A special thanks to Marcia and all of our friends. Apologies to all if we haven’t been as able to be as social as we would like, yet I know that everyone understands. Events like this are reminders of the beauty of the variations within people and personalities and the richness they all bring to life’s table. That was one amazing evening! We feel so blessed.

Gaenseliesel (Gänseliesel) revisited

I just received a message from a very good friend in Strasbourg reminding me what my sometimes weary mind has forgotten. 

I am convinced that all things happen for a reason although we are not always privy to the reasons why.  Christine reminded me that in the beautiful Orangerie Park in Strasbourg that there is a a statue of Gaenseliesel.  As my wife reminds me, there are many spellings for this Goosy Girl named Liesel, Lisl, whatever.

So in 1978, I first came in contact with her and then I met her in Strasbourg.  Strasbourg is truly a French home away from home.  I so miss Strasbourg and am trying to figure out when to make my next trip there.

So here is a picture of my Liz!

A lifechanging event…

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When I was 19 ½, I flew from Cleveland to New York (Idlewild, now JFK airport) and then from there to Paris. It was a monumental trip for me. Upon leaving, my mother said to me, “You’ll never last!” Actually, her words were not far from reality. I was a relatively sheltered, shy, reserved young man who had decided that his love of French and the French language should take him to France for the year. While there, I was a part of my university group which also included students from Ohio University (my school), its sister school Bowling Green of Ohio, a few students from Miami University and finally one from Toledo, I believe, and Ohio State University.

When the plane touched down in Paris, as I looked out the window, I felt a shiver go down my spine. To this day, each time I land in France or Europe (because it is a given if in Europe I shall go to France), the same thing occurs. There is something magical about the moment. France for me is something incredibly special, perhaps the bellwether for me and signaling my imminent departure from a person and background I needed to shed. Like the caterpillar that spins its cocoon, I emerged ever so different from the person before.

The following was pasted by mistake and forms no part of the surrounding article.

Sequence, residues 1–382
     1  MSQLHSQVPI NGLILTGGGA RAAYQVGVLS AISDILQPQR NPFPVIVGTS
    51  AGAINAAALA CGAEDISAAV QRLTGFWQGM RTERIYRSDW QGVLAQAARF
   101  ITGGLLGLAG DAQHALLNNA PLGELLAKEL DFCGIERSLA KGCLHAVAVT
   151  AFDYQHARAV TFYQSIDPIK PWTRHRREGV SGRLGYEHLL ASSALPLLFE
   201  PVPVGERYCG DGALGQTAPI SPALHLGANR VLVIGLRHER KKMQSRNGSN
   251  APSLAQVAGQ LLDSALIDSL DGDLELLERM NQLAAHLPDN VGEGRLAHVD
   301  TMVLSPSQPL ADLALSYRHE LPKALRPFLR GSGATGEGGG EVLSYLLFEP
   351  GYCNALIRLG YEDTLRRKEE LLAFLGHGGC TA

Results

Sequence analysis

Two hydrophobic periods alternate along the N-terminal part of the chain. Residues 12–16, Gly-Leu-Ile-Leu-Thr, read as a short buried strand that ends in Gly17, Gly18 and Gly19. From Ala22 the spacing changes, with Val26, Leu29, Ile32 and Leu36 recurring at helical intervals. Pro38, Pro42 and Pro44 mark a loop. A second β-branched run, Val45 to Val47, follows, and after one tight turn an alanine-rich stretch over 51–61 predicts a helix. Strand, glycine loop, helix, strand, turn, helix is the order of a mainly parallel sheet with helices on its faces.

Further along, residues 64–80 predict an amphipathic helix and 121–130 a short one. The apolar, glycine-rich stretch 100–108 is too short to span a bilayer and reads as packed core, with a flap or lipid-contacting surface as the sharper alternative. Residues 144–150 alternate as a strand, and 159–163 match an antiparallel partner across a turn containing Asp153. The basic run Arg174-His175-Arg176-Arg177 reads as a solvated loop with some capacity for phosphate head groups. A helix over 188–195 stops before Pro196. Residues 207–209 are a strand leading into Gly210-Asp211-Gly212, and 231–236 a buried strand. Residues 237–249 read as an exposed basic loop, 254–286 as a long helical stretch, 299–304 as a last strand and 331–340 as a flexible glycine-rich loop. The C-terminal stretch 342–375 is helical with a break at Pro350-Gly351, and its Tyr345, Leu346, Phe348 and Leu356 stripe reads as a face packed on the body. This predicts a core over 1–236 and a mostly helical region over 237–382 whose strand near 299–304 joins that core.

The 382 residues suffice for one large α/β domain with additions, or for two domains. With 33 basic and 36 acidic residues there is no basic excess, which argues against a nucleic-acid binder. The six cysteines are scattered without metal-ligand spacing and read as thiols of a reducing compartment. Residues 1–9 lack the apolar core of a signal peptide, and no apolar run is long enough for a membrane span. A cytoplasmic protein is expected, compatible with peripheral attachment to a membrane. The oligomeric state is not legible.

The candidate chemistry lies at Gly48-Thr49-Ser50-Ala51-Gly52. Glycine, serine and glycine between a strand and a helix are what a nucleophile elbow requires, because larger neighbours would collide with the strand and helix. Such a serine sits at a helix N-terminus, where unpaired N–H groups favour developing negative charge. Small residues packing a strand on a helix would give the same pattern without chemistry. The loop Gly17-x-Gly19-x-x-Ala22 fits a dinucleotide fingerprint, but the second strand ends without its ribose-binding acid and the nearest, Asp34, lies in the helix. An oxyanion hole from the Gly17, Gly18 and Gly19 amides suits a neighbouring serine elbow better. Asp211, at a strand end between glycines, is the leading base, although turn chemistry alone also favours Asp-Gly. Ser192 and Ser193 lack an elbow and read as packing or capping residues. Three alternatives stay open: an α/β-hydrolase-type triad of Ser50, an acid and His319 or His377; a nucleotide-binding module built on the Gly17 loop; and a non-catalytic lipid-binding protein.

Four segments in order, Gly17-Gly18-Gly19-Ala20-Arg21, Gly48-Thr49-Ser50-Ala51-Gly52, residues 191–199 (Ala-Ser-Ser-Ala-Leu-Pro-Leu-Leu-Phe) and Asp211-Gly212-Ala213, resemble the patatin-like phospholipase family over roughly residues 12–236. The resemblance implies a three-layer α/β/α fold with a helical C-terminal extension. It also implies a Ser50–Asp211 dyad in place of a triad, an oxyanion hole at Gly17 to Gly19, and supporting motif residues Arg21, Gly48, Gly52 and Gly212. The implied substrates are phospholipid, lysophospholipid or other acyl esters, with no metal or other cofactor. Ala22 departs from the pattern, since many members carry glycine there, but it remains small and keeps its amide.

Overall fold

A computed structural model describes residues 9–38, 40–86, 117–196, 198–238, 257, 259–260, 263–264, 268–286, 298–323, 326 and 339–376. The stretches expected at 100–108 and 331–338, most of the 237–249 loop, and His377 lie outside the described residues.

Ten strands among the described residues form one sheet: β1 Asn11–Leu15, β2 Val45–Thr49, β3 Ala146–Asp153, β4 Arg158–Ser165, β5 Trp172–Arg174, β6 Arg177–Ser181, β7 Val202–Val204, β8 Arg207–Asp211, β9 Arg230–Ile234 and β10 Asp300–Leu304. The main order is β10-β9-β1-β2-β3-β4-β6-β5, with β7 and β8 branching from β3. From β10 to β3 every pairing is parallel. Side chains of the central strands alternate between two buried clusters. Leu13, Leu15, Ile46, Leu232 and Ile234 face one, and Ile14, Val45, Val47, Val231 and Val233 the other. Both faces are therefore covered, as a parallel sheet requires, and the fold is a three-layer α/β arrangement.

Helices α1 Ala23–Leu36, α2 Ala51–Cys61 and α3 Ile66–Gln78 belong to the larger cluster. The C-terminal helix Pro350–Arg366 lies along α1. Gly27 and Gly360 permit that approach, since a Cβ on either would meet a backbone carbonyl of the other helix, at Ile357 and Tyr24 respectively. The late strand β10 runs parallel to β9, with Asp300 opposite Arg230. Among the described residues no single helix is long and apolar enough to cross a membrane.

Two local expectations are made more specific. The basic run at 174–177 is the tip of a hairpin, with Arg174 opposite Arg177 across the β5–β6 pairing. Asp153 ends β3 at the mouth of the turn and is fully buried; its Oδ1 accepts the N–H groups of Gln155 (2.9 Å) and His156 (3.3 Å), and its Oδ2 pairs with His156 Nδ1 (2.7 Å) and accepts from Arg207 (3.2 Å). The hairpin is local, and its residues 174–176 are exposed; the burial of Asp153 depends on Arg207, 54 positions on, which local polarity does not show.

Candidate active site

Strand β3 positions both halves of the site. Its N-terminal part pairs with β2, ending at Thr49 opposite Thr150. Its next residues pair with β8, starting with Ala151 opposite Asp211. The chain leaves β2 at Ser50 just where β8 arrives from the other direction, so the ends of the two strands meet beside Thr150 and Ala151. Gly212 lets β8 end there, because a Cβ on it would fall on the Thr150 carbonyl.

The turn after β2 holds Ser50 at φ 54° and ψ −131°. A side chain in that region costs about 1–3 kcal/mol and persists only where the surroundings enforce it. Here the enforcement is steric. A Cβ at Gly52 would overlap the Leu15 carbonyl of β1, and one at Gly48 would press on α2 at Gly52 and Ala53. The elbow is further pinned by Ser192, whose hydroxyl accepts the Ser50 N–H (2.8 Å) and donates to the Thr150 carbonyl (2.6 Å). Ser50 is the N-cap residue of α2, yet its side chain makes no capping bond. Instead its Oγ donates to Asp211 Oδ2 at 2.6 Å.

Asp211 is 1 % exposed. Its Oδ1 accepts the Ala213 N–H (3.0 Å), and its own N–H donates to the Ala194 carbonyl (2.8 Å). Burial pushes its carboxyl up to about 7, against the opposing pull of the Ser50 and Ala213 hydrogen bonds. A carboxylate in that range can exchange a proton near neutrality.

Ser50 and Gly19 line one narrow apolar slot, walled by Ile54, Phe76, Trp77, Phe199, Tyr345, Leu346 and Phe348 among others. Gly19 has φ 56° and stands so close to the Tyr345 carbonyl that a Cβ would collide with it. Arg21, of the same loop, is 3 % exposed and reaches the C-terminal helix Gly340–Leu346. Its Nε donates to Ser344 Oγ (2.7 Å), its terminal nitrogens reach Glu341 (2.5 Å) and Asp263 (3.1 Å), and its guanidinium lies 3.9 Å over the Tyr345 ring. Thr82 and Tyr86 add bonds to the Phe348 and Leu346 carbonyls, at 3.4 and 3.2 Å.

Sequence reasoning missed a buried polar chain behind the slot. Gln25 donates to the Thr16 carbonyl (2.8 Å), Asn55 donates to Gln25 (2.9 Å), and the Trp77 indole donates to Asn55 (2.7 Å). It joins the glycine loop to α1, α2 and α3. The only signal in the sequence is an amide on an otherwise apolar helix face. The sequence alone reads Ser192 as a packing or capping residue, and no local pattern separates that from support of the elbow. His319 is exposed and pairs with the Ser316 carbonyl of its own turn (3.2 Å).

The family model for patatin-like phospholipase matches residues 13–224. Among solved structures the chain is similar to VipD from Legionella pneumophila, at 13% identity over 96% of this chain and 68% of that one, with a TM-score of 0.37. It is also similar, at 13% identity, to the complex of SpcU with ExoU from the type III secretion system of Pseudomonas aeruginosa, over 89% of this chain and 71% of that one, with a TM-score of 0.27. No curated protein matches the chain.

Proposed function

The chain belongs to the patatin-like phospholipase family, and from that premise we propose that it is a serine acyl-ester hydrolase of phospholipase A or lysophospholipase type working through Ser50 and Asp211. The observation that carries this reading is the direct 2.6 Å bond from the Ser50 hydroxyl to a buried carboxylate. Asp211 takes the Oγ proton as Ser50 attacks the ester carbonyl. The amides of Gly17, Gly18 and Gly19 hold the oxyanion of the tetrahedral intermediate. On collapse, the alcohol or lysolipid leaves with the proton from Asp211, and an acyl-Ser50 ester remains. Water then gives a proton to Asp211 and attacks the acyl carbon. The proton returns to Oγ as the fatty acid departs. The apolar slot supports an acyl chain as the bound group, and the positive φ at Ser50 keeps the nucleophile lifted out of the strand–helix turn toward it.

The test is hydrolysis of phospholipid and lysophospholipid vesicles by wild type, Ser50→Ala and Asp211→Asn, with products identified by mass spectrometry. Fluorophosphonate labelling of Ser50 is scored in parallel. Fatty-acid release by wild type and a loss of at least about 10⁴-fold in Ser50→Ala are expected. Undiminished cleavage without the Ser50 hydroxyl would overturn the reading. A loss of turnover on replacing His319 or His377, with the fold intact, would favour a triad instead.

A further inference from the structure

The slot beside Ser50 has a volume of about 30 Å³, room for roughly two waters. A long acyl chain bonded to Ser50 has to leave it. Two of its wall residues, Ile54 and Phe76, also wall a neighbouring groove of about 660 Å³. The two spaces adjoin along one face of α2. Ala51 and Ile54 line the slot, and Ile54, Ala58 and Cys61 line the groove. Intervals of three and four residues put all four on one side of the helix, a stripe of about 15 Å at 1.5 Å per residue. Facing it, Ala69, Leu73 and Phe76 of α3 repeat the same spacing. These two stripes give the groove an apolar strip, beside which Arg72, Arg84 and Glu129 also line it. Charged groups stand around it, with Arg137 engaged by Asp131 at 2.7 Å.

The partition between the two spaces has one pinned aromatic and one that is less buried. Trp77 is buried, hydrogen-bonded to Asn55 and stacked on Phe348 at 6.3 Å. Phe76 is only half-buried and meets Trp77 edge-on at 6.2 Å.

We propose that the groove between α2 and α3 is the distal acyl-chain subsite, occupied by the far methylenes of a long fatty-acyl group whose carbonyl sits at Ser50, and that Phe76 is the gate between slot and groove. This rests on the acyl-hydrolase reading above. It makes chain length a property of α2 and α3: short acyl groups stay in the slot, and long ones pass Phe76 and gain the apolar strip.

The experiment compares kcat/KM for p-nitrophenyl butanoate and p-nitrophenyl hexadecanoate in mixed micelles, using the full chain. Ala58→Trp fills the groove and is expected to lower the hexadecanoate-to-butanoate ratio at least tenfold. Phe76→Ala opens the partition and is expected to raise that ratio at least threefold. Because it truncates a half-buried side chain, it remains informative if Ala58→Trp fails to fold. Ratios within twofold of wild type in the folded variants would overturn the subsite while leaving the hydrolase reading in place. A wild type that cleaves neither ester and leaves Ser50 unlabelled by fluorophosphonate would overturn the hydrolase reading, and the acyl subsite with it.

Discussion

Upon arrival in Paris, I met up with the main portion of the group I would be spending the year with. I don’t remember many details other than we had a long bus trip which took us from Paris to Tours, southwest of the city. I recall with fondness Dr. Barnes and his beautiful French (Corsican) wife who were the leaders of the trip. Dr. Barnes was an amazing man, an African American with American Indian built in, who was a social studies professor at the University.

I do have some remembrance of finally arriving at destination, to the Le Saux’s family house in St. Cyr sur Loire, just north of the city of Tours. I remember being in a situation that was somewhat scary. Fatigued as all get out and in a situation which demanded my utmost attention as I needed to speak in French, a French which was nothing more than school French. The TV was on, blaring, in fact, and the family was asking many questions. It was difficult and I remember what welcome relief it was when I settled into my room (I had the single, my two American counterparts there had the double) and went off to a well needed sleep.

Yes, this momentous occasion in which I made sure to deny my mother the satisfaction of being right, was a moment in which I used to make positive changes in my life and to make certain that I knew which career I was headed into, the teaching of French. My roommates, housemates, whatever, and I made a very difficult pact to always speak in French to each other, and we kept it. I managed to stay the entire time from September until June when my mother arrived and I accompanied her and her friend to Paris, London, and Dublin. And my shy self bloomed as I went from my school French to a communicative one that I have been building my whole life, to the point that people do not ever think I am American, nor do I have an American accent.

I had the ultimate freedom while in France, even managing to grow a beard, something I had never before felt comfortable doing as my family was so ridiculously anti-facial hair! I ate up the atmosphere! The food was amazing; the classes were satisfactory, all in French from classroom to oral and written final exams. My French mom provided me with a daily class in adult French and my new friends and peers were amazing as well giving me the family I had left at home in Cleveland.